It was the most conventional audition that I have ever done. My audition for my first film was pretty unconventional. We shot it in live locations and it was like doing a student project with Majidi Sir. But for A Suitable Boy they had hired a room in a five star hotel in Mumbai where I met a whole lot of actors because the series is such a large ensemble piece with 113 characters and probably more actors. The director was casting for many other parts, so there were young actors, senior actors and also the established ones who have really made their mark. It was definitely the most unique experience. I got to work with so many actors that I so admire in one series itself which was great. Actors like Vijay Raaz, Vijay Varma, Ranvir Shorey, Rasika Duggal…all in one track, so I got very lucky. We had a lot of time to interact with each other and even with the actors who we didn’t have scenes with.

How was the experience working with Mira Nair?

She is quite upfront. If she wants to communicate something, she communicates as she thinks. If she is not happy about something and expecting something more, she will be very blunt about it. Some actors get almost thrown out. There is transparency in her communication. But I was one of the lucky ones to get a lot of love from her. She is like one mother figure on set and everybody working towards pleasing her. She is also very generous and welcoming. It was an incredible experience because we also had the second unit which was constantly working. Lot of times actors would be going from one unit to the other to finish scenes. The second unit had Shimit Amin directing us who’s also fantastic, so I got to work with two great directors at the price of one (laughs).

Tell us about your character, the rebel Maan Kapoor that you play.

He has grown up in the house of a Revenue minister, who is fighting for the Bill against zamindari as the country is coming into its own post-independence. My character, even as he is privy to all this, isn’t really too bothered. He is so interestingly unpredictable and there are so many dimensions to him. He is a wanderer and goes anywhere. He is a very colourful character with many different shades to his personality.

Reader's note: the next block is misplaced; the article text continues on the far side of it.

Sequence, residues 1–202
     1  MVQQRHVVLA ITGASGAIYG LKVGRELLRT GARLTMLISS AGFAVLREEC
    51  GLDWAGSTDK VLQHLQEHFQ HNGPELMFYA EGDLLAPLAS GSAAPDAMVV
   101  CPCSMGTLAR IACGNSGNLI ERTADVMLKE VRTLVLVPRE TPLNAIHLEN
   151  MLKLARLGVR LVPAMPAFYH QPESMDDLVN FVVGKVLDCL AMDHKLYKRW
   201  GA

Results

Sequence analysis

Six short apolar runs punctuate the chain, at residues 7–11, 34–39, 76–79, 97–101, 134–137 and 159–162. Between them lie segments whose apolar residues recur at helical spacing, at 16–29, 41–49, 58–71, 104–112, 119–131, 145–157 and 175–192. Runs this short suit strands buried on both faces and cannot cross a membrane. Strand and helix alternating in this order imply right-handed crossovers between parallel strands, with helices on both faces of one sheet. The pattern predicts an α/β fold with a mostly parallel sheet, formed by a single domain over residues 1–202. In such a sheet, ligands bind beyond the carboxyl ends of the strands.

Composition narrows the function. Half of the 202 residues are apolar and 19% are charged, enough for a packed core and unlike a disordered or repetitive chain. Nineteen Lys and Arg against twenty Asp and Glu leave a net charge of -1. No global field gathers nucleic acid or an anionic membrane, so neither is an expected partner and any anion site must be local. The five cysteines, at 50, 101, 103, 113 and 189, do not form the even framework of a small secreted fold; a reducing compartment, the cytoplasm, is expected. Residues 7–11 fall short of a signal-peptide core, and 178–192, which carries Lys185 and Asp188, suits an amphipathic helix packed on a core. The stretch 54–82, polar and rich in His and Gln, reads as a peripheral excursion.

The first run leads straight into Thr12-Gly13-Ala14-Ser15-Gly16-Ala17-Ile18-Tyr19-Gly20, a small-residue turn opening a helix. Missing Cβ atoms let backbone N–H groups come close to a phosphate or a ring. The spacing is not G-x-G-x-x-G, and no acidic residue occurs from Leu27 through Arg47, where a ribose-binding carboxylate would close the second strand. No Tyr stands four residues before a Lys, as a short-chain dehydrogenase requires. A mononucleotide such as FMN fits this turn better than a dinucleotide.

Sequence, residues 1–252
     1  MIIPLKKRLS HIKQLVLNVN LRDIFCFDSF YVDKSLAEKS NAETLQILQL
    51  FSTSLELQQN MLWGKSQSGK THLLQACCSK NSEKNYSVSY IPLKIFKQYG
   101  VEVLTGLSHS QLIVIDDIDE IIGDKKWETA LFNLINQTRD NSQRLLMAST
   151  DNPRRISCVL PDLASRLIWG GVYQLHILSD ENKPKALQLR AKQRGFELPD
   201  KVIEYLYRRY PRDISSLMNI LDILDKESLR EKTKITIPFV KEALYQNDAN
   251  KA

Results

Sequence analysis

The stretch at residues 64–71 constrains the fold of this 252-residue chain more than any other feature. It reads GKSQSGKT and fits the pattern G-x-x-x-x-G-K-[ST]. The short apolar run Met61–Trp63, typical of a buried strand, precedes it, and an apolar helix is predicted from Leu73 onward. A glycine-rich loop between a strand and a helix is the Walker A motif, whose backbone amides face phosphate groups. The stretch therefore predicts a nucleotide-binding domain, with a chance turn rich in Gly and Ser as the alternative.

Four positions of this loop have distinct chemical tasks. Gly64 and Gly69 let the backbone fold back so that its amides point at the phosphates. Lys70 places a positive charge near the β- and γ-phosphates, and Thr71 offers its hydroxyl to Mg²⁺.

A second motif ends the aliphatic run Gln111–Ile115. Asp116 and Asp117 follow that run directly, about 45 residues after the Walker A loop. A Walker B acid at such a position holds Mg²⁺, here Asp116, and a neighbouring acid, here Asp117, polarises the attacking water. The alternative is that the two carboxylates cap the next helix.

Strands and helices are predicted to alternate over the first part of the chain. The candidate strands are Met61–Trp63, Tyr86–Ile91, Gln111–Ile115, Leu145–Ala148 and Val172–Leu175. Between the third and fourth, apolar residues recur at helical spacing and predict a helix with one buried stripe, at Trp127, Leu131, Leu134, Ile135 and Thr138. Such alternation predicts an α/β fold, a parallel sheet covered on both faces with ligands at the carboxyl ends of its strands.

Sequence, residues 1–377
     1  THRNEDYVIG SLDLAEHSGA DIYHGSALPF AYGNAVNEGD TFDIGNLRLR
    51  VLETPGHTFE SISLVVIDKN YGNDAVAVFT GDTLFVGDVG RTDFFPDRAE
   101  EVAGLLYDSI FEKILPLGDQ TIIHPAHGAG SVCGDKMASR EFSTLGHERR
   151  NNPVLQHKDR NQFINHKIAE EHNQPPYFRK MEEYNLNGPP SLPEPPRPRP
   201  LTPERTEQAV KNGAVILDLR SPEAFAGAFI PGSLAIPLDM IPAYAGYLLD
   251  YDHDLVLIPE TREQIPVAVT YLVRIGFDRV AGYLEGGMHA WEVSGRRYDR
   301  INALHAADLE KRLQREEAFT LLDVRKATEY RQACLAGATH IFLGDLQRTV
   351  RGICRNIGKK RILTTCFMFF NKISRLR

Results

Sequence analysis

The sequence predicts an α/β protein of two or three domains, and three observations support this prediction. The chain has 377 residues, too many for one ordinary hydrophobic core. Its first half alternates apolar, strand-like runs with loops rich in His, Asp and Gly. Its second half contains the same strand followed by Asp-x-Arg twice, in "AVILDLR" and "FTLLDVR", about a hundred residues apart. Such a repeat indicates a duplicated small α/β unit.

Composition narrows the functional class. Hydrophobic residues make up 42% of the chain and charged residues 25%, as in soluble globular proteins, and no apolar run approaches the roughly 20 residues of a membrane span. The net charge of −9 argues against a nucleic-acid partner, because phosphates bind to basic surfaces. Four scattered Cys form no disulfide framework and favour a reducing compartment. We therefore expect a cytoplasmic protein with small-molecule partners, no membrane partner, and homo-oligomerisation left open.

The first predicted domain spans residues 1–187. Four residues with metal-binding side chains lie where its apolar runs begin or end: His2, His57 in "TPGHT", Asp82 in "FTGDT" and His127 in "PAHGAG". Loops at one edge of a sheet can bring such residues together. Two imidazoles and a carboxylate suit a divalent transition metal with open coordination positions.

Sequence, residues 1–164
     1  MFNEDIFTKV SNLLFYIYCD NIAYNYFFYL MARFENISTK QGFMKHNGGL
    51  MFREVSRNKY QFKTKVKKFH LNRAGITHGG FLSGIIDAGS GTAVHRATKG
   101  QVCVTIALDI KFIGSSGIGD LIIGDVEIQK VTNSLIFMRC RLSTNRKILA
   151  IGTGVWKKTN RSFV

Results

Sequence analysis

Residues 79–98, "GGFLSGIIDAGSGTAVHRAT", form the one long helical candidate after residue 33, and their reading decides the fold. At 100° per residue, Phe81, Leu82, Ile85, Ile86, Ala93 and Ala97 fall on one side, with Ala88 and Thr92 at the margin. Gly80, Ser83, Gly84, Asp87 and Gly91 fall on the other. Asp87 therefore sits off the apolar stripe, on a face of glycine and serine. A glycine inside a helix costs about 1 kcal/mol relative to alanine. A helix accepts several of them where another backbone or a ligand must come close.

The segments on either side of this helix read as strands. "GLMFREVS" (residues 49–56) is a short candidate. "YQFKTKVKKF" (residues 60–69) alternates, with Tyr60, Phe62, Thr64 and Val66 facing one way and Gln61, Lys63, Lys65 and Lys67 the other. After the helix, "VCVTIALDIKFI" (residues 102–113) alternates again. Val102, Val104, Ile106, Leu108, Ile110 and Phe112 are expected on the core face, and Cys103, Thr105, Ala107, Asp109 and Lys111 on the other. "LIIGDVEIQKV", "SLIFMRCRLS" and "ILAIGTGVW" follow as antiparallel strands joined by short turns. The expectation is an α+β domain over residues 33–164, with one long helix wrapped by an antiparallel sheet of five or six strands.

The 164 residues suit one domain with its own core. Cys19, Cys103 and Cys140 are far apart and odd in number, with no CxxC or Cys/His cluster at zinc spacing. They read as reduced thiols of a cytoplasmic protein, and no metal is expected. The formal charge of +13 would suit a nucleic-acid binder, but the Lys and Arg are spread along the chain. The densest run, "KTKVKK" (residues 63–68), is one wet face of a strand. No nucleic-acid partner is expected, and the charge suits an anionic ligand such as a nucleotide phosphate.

It must have been really exciting working with Tabu..

It was a great opportunity to be able to play the Maan to Tabu’s Saeeda. I had my entire track with Tabu, which is so delightful. She is one of my favourite actors and it was even more rewarding experience to work with her. She is beautiful, magnificent on screen and when it comes to work she is probably one of the easiest co-actors to work with. It was very simple. We formed a certain synergy and then we kept feeding off that. It’s an uncommon relationship even in today’s time but it wasn’t complicated; there wasn’t much need for conversation between us to articulate things. There was an understanding and there was no need for any dialogue to get comfortable before any scene because it felt like two people know what they are stepping into.

Did you have to prepare for the role?

Large part of the groundwork was the readings and we had to do a lot of that. It is adapted from a 1500-page novel and there is a lot of context. When you are distilling that into six hours you are conveying multiple layers within every scene. It was important to understand the script in and out and then we had one long table read. Other than that it was largely understanding the social milieu and the world these characters come from. The period that it was, it was such a crucial time for India. There was, of course, this physical prep deciding the look appropriate for that time.